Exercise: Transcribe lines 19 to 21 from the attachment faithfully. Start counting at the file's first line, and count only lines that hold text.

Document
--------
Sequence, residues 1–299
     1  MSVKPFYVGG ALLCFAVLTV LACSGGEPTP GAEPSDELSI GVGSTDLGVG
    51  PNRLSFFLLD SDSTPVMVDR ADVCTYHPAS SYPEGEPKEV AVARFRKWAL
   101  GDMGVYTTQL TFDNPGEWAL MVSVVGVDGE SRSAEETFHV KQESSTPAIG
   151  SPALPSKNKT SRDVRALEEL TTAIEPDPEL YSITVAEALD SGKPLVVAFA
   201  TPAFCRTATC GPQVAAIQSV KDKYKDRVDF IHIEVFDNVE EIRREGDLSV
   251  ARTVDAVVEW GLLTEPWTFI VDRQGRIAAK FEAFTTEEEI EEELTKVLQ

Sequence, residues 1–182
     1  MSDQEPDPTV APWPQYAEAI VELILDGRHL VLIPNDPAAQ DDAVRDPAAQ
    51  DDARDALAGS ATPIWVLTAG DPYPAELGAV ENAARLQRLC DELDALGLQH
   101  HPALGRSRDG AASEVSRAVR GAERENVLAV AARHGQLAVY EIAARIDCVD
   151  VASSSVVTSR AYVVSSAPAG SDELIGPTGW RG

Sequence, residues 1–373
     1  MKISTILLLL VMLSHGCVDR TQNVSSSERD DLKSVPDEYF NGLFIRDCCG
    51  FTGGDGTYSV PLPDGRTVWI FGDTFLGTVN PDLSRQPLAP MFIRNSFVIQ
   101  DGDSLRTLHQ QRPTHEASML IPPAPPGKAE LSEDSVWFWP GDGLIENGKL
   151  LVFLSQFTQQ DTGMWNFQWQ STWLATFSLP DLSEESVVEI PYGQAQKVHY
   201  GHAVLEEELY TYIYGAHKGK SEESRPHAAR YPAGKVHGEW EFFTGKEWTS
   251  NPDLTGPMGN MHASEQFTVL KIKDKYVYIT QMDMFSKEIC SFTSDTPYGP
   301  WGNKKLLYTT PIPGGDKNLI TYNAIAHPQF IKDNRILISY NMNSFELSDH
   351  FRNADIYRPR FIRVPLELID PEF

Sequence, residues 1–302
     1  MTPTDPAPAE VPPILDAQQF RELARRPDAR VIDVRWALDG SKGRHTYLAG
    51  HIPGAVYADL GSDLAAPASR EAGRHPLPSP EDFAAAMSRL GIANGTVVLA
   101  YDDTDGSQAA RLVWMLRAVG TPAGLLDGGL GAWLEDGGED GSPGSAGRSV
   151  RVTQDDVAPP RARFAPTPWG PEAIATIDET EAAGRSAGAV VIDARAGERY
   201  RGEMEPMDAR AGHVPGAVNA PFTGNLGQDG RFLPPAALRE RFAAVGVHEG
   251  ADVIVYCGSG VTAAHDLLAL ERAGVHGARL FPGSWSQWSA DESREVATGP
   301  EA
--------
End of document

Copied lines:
   251  NPDLTGPMGN MHASEQFTVL KIKDKYVYIT QMDMFSKEIC SFTSDTPYGP
   301  WGNKKLLYTT PIPGGDKNLI TYNAIAHPQF IKDNRILISY NMNSFELSDH
   351  FRNADIYRPR FIRVPLELID PEF